The lotus flower of Burma
Suu Kyi is an amazing, beautiful woman of peace and conviction. She has, for all intents and purposes, been under house arrest for almost the past 20 years because even when they let her out, they don't actually let her go anywhere.
Myanmar extends democracy leader Suu Kyi's detention
Last Updated: Friday, May 25, 2007 10:04 AM ET
Myanmar extended the house arrest of Nobel Peace laureate and democracy advocate Aung San Suu Kyi on Friday for another year, according to government officials.
Suu Kyi, who has been confined by the country's ruling junta for 11 of the last 17 years, was to complete her latest detention term Sunday.
Suu Kyi's National League for Democracy party won a general election in 1990, but the military junta, which seized power in 1988, ignored the result and instead persecuted members of the pro-democracy movement.
The Oxford-educated Suu Kyi has been held since May 2003, when her motorcade was attacked by a mob linked to the junta during a political tour in Myanmar, formerly known as Burma. UN High Commissioner Louise Arbour, a Canadian, called for the unconditional release of Suu Kyi and more than 1,000 other political prisoners it holds in prisons and labour camps throughout the country.
Suu Kyi's release "would demonstrate a willingness to abide by universally accepted human rights standards," she said.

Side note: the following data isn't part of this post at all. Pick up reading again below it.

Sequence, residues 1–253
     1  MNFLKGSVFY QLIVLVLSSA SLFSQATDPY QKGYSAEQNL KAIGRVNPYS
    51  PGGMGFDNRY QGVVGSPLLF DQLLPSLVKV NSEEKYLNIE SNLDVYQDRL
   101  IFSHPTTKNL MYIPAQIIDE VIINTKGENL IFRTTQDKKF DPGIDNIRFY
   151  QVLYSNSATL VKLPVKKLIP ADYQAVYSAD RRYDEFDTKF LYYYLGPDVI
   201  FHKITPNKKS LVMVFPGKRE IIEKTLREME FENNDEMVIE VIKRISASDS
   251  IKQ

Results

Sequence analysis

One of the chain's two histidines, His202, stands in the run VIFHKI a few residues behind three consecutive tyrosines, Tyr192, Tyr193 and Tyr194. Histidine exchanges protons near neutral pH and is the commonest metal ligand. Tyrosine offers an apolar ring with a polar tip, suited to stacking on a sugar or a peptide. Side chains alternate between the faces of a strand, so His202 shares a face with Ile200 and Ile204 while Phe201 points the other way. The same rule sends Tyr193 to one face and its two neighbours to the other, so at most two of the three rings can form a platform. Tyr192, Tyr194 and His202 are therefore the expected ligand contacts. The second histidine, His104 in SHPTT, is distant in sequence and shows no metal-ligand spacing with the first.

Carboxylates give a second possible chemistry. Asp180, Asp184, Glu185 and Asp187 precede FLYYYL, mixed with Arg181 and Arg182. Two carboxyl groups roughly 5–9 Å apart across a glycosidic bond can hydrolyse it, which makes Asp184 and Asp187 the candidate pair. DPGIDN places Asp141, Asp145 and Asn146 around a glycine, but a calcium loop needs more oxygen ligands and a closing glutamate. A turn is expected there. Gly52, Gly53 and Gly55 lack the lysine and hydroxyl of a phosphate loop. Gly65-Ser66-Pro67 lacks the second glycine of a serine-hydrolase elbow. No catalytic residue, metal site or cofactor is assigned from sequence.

"It would also, I believe, facilitate national dialogue, and free the government and the people to focus on the need to unite the country and to allow the emergence of democratic structures to decide on the way forward."
Canada, the United States, the European Union and many other countries, including Indonesia, Malaysia, Singapore, Thailand, and Japan have also urged Myanmar to free Suu Kyi.
UN agencies have accused Myanmar, one of the world's most isolated countries, of practising torture and forced labour, and using its military to target Karen ethnic minority in the country's eastern regions.
About 140,000 Karen live in refugee camps in Thailand. The influx began after the junta attacked a separatist group, the Karen National Union, in 1995, and continued a systematic campaign of persecution against Karen civilians that included torture, burning of villages and forced relocation.
With files from the Associated Press